One key success factor in managing today’s mainframe environments is having a good handle on the multitude of connections between CICS regions, Db2 data sharing groups and members, and MQ queue managers. Having good visibility into these complex configurations can help CICS, Db2, and MQ performance analysts and administrators improve maintenance planning, optimize traffic, and shorten mean-time-to-resolution for many issues.
In this blog and subsequent video walkthrough, I’ll demonstrate one approach to visualize these connections by leveraging views that integrate data from multiple SMF data sources.
Using Subsystem Topology to View CICS, Db2, and MQ Connections
Figure 1 below shows a screenshot of the Subsystem Topology viewer within IntelliMagic Vision. We can see the connections between CICS and connected Db2 and MQ subsystems.
Orienting to this view, the CICS functionality that issues SQL calls to Db2 members and or MQ commands to MQ queue managers appears in the center of the view with the MQ queue managers along the top and the Db2 members and their associated data sharing groups along the bottom.
Since there are hundreds of CICS regions at many sites, this top-level view begins at the level of customer defined CICS groups, which typically reflect business applications.
Identify CICS Component Regions
From this initial view, one next step could be to expand a CICS group to identify its component regions. In Figure 2 below, the CICS group included five regions. We can also identify connections to four MQ queue managers along the top and four Db2 members that all belong to a single Data Sharing Group along the bottom.
That same view for another CICS group, such as in Figure 3 below, involves a more complex set of relationships. It includes almost thirty CICS regions, but despite the fact these regions were grouped together from a business application perspective, we can see that they have very differing Db2 and MQ configuration profiles.
This type of topology view clearly shows that some regions only have connections to a queue manager and not a Db2 member, while others have connections to a Db2 member, but not a queue manager. And some regions have connections to both MQ and Db2.
For groups that contain too many regions to have space to view all the region names, we can still gain overall insights into the configuration. In Figure 4 below it is apparent that all CICS regions that connect to Db2 do so to a single data sharing group, and there is general symmetry among most of the regions in this group to four primary MQ queue managers as seen along the top.
Isolating Db2 Subsystem Views
So far we have approached the discussion from a CICS-centric point of view. Topology views can also be leveraged to create Db2-centric views, such as in Figure 5, which shows all the CICS groups that are connected to the selected data sharing group.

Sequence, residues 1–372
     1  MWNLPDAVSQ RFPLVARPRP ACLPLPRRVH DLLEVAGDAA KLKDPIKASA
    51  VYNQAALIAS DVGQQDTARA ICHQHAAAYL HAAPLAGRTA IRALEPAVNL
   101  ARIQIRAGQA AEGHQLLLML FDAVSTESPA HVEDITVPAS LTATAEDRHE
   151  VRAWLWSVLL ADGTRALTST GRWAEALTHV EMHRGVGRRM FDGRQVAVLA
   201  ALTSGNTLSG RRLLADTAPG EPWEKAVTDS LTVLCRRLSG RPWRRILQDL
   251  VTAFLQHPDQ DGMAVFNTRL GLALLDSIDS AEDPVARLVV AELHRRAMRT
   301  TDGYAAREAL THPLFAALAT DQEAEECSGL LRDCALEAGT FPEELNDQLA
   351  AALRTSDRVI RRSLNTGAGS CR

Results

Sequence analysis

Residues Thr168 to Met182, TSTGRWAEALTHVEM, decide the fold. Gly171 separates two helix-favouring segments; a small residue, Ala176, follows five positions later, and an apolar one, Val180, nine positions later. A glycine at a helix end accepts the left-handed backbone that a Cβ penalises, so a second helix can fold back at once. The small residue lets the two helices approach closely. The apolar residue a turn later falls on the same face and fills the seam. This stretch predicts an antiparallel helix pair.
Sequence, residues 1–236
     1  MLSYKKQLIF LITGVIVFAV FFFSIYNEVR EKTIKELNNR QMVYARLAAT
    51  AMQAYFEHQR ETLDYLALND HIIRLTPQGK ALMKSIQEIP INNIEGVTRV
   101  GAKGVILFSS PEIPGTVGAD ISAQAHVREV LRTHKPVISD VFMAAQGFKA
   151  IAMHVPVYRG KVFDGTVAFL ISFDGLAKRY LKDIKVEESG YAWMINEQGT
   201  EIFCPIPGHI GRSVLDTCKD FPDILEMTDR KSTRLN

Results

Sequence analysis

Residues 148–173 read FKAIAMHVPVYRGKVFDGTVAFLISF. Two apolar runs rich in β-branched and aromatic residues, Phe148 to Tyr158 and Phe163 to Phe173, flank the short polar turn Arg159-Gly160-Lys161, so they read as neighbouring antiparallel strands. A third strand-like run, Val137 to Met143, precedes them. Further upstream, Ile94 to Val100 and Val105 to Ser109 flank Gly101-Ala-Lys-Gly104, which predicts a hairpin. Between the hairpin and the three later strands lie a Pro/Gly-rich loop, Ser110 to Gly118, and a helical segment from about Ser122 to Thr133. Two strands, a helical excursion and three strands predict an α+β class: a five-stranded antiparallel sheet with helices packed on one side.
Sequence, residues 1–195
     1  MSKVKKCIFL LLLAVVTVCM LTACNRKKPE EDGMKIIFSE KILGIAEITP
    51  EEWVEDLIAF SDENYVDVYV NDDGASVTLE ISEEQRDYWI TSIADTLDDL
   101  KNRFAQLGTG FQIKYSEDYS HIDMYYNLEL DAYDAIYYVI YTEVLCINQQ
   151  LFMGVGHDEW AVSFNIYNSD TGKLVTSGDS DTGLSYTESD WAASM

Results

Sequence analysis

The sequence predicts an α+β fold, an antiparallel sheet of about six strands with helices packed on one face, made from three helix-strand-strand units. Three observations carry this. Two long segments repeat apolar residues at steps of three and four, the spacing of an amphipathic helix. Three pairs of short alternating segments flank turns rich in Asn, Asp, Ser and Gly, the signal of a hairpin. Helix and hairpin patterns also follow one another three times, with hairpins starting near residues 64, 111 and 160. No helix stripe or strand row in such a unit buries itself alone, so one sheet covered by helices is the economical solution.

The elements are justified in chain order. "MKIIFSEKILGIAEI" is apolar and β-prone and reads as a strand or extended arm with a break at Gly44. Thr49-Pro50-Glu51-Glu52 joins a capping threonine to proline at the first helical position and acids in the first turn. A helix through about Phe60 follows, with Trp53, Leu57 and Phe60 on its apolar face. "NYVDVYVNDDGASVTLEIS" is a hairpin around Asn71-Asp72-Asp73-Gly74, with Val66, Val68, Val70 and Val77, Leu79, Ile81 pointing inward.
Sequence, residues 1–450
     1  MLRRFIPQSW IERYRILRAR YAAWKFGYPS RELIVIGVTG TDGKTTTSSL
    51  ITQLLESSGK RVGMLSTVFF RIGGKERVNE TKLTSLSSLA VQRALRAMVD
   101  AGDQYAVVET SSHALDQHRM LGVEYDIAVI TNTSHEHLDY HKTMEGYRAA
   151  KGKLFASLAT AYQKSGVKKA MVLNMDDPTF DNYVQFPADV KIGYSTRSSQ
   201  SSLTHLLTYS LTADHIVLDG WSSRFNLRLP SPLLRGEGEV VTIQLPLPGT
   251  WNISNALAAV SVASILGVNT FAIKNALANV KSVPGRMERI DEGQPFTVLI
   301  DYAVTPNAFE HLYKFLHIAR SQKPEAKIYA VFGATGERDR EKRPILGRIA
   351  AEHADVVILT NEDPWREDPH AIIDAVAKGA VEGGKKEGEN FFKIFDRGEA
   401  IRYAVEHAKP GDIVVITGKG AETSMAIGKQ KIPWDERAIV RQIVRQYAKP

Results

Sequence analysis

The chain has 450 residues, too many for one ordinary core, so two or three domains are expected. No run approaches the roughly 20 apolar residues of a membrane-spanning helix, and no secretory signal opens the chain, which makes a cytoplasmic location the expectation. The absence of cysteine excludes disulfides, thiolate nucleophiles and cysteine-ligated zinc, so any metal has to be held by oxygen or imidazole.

Isolating MQ Subsystem Views
MQ-centric views that show all the CICS groups that are connected to a particular MQ queue manager can also be helpful. Figure 6 surfaces a naming convention where almost all the CICS regions that connect with the selected queue manager have a “5” in their name. And the regions all connect to a Db2 member, which is also named with a five.
Subsystem Relationships with CECs and z/OS Systems
There can also be value in viewing relationships of CICS, Db2, and MQ in the context of their CEC and z/OS system relationships, as shown in Figure 7.
Validate High Availability Design
Focusing the view on a selected CICS group, Figure 8 enables us to view the high availability design for that group. The four regions from this CICS group are distributed across four z/OS systems on four CECs.
This view validates a configuration that is likely to deliver on the design objective that only about 25% of available capacity is ever lost no matter what component fails anywhere throughout the stack.
Examine Impact of Maintenance Downtime
Another common use case is to examine the scope of impact of downtime for maintenance on a given system. The view reflected in Figure 9 makes this immediately apparent for the system identified in the title.
From there, we could proceed to identify the CICS regions from one of the groups that would be impacted by scheduled downtime on that z/OS system.
Viewing CICS Transactions
The next step down the stack is to move from CICS groups and regions into transactions that are executing in a selected group, such as in Figure 10 below.
Since we may expect this scope to include many distinct transaction IDs, this view begins by grouping the transactions by the first letter of the ID. From here we might want to expand that to the transaction IDs that begin with “X”, as seen in Figure 11 below.
From there, we could expand the group and identify the CICS region, the Db2 member and the MQ queue manager that support the selected transaction on this selected system seen in Figure 12 below.
From here we might choose to remove the system constraint and view the topology for this transaction as it executes across many regions in the group, along with their associated Db2 members and MQ queue managers.
Subsystem Topology Views Enable Faster Analysis and Understanding
Far from the days of manually taping topology views onto a wall to view subsystem connections, interactive Topology Views such as those in IntelliMagic Vision for z/OS offer analysts a wide array of views enhancing understanding of their system and subsystem configurations.
This ultimately enables us to:
- visualize the connections between CICS regions and associated Db2 and MQ subsystems
- visualize the relationships with supporting CECs and z/OS systems
- provide specifics down to the CICS transaction ID level
The video below demonstrates the z/OS Subsystem Topology Viewer in action. Feel free to contact one of our experts to set up a custom demonstration for your site. Or continue exploring with resources below.
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